Sitting outside of downtown, St. George’s Anglican Church looks as if it has been transplanted from the English countryside. With a small churchyard and a scattering of graves, this historic parish is among the earliest churches within the community of Georgetown.
Anglican priests had been calling in Georgetown since the 1840s. These saddlebag preachers rode a circuit, often holding services in family homes or schoolhouses. These services suited the areas of Ontario that were far from the urban centres. As the community grew, a section of land was purchased on Norval Road (Guelph Street) to build a meeting house and a burial ground. A simple wooden frame church was erected in 1845; it had room for two hundred parishioners, a choir and music supplied by a pump organ. It continued to be served by saddlebag ministers until 1852, the parish and community grew enough to warrant posting a permanent rector, Rev Thomas Marsh. As the parish grew, the small wooden church became too small and worn to continue; Rev Boultbee led the parish to raise funds and collect materials to build a new stone church. The cornerstone was laid on 25 July 1878, and construction continued throughout the rest of the year, with Bishop Thomas Fuller leading the dedication service on 29 December 1878. Consecration occurred in 1881 when the debt was paid off in the new building. Renovations took place in 1921, increasing the size of the chancel to allow for the installation of a new organ; a basement was dug under the church at the same time, allowing for a small parish hall to be built. A new electric organ and lighting were installed in 1930, and the first memorial stained glass window to the parish’s war dead was installed. Plans were drawn up for a new parish hall in 1958, although construction would not commence until 1972, and the new hall opened a year later. The new hall provided a larger church hall, kitchen, offices, classrooms and a sacristy. The new building also provided space where a drop-in youth program for the venerable in the community could seek safety and counselling starting in 1984. In 2009, a new audio/visual system and an electronic organ were installed in the sanctuary. A digital carillon system replaced the old bell and allowed for the sound of the parish bell to ring out over the downtown once again. Today the church remains a valued community member with its ongoing youth programs and various counselling services in person and online.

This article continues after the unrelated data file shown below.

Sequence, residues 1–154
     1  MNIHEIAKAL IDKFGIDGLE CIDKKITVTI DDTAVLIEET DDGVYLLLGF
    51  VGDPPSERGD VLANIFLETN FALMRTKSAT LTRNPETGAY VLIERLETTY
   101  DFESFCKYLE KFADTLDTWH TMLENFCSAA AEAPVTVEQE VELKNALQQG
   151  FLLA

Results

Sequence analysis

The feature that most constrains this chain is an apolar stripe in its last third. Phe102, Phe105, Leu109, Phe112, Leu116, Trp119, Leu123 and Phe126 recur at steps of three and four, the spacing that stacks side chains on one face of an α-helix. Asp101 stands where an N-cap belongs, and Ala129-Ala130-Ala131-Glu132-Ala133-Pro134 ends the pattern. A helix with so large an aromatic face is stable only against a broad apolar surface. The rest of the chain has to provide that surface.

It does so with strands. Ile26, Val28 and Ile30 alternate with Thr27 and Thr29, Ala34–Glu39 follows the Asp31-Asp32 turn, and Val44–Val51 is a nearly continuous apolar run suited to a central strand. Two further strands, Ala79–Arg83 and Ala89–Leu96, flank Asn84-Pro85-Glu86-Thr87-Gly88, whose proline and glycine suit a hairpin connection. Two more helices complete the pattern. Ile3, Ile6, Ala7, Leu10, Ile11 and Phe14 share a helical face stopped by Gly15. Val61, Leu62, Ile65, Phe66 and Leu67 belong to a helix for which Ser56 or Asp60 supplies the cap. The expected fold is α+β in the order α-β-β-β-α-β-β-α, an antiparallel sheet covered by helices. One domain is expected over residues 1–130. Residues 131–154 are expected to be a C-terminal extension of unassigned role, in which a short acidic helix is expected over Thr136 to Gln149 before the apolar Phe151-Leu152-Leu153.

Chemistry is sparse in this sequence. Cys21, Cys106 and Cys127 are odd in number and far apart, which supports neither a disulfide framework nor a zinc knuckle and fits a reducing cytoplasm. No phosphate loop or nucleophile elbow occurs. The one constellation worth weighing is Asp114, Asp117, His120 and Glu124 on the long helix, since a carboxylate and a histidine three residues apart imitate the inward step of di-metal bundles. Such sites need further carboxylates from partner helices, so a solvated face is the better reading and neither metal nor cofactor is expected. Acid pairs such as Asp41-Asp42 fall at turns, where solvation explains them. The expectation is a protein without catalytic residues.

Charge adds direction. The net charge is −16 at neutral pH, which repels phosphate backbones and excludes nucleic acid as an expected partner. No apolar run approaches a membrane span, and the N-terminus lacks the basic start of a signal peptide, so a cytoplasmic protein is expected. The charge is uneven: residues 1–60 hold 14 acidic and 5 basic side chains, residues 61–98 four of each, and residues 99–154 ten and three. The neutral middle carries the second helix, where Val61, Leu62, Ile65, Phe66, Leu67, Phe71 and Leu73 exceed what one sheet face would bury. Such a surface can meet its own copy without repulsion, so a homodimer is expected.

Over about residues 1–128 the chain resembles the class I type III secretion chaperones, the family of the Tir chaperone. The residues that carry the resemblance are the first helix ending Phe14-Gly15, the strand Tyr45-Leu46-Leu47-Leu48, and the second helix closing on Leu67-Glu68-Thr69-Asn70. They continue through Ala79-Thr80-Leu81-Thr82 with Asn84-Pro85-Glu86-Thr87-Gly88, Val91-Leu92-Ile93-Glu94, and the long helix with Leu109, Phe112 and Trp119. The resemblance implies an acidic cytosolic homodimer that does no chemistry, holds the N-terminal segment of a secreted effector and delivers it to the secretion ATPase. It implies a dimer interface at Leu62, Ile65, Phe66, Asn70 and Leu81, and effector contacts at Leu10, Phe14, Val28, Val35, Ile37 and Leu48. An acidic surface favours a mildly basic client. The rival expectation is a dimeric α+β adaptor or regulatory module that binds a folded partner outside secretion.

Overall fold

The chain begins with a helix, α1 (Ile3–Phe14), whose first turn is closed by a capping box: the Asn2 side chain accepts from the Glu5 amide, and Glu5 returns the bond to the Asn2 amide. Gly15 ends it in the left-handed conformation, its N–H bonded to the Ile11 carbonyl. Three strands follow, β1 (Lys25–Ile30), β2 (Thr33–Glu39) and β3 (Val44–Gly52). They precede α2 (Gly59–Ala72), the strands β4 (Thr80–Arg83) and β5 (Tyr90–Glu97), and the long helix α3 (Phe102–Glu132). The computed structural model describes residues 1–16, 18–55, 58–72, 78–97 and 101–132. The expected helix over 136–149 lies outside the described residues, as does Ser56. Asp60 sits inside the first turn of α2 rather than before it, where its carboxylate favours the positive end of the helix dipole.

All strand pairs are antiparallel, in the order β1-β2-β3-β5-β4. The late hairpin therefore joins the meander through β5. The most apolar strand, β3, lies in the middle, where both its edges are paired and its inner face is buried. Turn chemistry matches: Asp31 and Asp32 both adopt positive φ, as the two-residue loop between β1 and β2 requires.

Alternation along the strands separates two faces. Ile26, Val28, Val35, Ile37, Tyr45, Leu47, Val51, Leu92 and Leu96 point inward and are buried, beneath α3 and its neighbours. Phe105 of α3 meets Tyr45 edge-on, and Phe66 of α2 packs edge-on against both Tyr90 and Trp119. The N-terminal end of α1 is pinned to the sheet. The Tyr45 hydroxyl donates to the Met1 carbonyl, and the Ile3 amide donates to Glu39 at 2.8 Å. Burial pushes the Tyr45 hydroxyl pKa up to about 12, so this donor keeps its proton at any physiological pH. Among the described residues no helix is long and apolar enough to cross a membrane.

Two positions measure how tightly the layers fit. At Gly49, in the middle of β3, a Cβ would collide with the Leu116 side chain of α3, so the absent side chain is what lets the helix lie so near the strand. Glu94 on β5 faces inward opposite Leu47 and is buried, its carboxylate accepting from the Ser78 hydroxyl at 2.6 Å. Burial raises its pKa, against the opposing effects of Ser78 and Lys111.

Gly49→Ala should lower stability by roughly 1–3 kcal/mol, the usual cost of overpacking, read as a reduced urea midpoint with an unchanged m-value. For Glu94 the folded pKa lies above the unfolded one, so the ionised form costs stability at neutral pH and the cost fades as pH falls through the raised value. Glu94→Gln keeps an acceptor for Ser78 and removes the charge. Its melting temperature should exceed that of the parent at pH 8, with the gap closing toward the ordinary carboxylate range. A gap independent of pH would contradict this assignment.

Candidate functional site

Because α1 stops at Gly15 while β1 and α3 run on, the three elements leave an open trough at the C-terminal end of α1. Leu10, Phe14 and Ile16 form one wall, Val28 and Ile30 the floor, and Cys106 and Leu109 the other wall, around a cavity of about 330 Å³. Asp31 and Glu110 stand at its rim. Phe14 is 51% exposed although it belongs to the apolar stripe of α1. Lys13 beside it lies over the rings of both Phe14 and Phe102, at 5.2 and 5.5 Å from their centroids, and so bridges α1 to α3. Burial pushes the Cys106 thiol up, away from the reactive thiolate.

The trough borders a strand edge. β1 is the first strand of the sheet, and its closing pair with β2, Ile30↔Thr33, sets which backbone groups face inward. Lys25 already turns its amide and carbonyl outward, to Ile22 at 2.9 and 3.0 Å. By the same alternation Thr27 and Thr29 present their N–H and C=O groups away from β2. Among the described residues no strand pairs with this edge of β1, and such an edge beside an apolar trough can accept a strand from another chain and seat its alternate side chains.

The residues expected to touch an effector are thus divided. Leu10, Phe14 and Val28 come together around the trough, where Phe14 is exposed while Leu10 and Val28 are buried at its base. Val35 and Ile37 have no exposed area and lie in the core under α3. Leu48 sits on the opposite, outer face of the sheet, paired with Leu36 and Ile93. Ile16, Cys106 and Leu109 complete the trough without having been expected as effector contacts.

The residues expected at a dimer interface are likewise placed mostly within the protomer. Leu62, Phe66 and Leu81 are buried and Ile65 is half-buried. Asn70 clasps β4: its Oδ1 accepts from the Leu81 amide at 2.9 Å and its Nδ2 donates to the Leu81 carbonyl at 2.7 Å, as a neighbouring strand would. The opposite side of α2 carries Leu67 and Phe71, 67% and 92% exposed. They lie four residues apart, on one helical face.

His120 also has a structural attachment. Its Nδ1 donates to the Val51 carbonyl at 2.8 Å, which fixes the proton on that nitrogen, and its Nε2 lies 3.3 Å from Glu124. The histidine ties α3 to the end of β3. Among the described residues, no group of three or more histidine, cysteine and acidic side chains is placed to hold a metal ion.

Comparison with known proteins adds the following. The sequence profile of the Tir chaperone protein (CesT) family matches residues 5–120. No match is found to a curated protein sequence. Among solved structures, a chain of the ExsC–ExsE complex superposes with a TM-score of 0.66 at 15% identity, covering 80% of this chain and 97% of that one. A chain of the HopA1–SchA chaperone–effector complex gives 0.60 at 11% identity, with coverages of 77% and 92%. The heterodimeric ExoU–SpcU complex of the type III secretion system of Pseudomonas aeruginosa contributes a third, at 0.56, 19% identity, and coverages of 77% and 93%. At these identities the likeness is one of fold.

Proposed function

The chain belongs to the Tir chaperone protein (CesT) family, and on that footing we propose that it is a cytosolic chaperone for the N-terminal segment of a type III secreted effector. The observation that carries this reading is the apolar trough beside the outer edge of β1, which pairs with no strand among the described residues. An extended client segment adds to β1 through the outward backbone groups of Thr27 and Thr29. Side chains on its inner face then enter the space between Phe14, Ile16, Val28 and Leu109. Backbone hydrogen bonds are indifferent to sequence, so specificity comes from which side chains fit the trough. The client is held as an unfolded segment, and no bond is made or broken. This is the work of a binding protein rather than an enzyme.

The location of St. George’s made it a little challenging to photograph. Located on a hill, there were no clear sight lines from the street level. Also, because of the heavy trees over the entire property, I had to be careful about where I placed the camera. While I’m not completely happy with the composition, I had little choice in where to place the camera. Going with the 125mm to maximize the space I had to work with, I cut out a part of the chancel to catch the historic section of the church and square bell tower. I am happy with the exposure, considering I worked with hard light that day and chose to expose for the shadows rather than averaging things between the highlights and shadows.
If you wish to worship with this congregation, they will be happy to welcome you! Please check out the congregational website for details on attending services worship either in-person on online streaming!